The picture above is a re-photograph from a polaroid - I don't actually have any other documentation of this piece. I don't know if the painting still exists or not; I gave it to the model (my younger sister!) quite a long time ago.  As well as Matisse, I was also influenced by an unknown painter who attended Parsons School of Design in New York. Before I painted this, a friend of mine had started attending that art school, and a rep from the school came to give the students in my art school a talk. The rep handed out the PS of D prospectus which included a painting where the shadows were painted light blue. At the time this was a revelation to me and it is apparent that I did the same thing with my shadows at the first opportunity!

I did so many drawings and paintings of my sister while she was sleeping that friends who had not met her asked if she was ever awake. This Sleeping Dee Dee is smaller than the one above, oil on masonite. Again, I have no documentation of this other than this re-photograph of a polaroid.

This is an oil on masonite painting, also from 1980 of a woman who I had met in a bookshop near my art school. She was looking for a house-mate and I rented a room from her for one month, my first foray away from home.

Matisse's cut-out show also made me think of how I enjoy the playfulness of  art work. In 1989 I had a residency in the Tyrone Guthrie Centre, ostensibly to create new work for my first exhibition in Dublin. However, due to availability (or lack of) at the Centre, I had all but one drawing complete for the exhibition by the time I was granted the residency. In many ways this was very liberating: I was not under any pressure, had a large studio to work in, food was provided with fabulous dinners being prepared by someone else and a variety of artists (playwrights, poets, musicians, sculptors, performance artists, other painters) on location for lots of interesting discussions over coffees and dinners,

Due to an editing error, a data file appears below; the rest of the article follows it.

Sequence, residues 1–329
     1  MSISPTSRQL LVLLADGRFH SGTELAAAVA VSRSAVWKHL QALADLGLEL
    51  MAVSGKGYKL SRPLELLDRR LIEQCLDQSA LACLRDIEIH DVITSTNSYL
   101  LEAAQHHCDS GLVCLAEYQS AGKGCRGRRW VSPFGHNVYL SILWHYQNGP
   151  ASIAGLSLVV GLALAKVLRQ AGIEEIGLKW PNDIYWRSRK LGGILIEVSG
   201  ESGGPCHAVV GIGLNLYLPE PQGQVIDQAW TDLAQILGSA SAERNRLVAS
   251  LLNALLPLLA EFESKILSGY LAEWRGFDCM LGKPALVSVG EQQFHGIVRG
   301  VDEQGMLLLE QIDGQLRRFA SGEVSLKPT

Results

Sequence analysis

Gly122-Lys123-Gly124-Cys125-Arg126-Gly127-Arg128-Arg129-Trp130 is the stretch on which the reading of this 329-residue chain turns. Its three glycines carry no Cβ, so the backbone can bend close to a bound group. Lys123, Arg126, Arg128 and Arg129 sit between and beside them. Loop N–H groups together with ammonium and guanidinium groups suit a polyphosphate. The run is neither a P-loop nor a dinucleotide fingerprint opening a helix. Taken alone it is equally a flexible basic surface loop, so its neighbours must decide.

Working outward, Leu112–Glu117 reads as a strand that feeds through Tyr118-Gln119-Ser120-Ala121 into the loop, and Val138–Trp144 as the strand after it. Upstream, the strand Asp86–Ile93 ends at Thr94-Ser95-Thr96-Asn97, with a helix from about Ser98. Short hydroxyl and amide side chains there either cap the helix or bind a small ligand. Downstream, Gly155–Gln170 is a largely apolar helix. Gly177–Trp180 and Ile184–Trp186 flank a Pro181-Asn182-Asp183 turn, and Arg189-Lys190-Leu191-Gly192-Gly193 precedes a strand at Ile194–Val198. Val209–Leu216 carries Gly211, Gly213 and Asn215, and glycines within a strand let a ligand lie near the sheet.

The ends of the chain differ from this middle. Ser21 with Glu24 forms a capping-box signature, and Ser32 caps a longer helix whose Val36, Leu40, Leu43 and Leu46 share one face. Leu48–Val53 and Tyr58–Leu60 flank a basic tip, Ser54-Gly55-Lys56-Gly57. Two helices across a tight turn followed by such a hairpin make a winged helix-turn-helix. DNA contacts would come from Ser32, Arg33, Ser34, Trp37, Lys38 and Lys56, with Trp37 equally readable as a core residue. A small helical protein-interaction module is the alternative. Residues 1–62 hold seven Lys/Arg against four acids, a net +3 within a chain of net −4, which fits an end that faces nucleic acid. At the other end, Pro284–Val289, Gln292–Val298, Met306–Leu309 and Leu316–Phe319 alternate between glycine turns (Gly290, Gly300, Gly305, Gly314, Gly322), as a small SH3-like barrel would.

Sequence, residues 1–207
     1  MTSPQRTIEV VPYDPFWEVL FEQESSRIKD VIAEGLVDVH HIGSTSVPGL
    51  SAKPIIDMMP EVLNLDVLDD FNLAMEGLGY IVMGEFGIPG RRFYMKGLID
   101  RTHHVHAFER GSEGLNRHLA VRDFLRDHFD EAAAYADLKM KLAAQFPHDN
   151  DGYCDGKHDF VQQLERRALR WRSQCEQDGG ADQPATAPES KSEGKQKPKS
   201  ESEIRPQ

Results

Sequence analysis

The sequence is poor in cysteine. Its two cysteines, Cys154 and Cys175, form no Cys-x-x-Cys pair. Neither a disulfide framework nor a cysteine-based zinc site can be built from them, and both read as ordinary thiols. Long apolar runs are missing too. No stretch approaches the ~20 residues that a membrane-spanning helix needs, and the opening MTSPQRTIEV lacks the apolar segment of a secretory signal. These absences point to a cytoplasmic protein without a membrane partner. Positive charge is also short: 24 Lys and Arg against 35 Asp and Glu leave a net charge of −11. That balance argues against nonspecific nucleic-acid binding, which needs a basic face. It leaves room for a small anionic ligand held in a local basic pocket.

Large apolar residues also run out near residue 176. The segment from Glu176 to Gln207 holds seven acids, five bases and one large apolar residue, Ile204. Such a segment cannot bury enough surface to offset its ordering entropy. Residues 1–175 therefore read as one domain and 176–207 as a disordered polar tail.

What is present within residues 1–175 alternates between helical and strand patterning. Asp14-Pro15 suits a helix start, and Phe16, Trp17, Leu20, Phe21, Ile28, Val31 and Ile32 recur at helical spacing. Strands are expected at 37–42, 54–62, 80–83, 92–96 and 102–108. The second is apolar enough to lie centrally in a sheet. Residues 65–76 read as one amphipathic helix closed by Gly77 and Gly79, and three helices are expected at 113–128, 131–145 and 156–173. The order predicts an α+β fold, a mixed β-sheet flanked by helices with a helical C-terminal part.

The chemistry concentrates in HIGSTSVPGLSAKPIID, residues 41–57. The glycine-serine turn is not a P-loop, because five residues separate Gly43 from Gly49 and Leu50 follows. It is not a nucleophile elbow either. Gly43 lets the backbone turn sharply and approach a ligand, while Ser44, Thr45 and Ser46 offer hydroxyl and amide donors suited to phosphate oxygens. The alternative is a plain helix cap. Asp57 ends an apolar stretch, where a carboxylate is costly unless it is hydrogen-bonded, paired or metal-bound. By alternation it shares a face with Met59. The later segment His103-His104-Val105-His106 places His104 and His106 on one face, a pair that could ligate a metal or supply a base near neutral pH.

So once I had the last drawing complete for the exhibition (a large black and white, graphite, figure drawing), I changed direction and got out colourful pastels, scissors and blue tack. Using imagery from my dreams I created an entire temporary environment in the studio.

It was at The Tyrone Guthrie Centre at Annaghmakerrig that I met and became friends with Dublin painter, Pat Moran, who dubbed my studio "The Playroom". Unfortunately Pat died suddenly in 1992 at the age of 30, and is sadly missed by the Irish art scene where his expressionist, figurative painting and drawing is known.

Further to my interest in "cut-outs" as a process, this picture of me in 1993 with some of my paintings from the My Tower of Strength series shows how I used cut-outs (the birds above the paintings) to help me figure out composition puzzles.

Sorry for the poor quality of photos in this post, but all images are re-photographs of existing photos and used as part of my training in GIMP, a free software programme which I am learning in order to replace my reliance on PhotoShop!

Wednesday, 8 October 2014

More work on Fever Afterimages paintings

I have been working on the small(ish) paintngs of Fever Afterimages, slowly adding colour. The central yellow area here was originally a deep dioxazine purple (bits are still visible at the edges, so you can see how much a painting can change as I am working on it.

This is still very much in the early stages too.

I finished and signed this one today: Fever Afterimages 1, acrylic on canvas, 40.5 cm x 51 cm.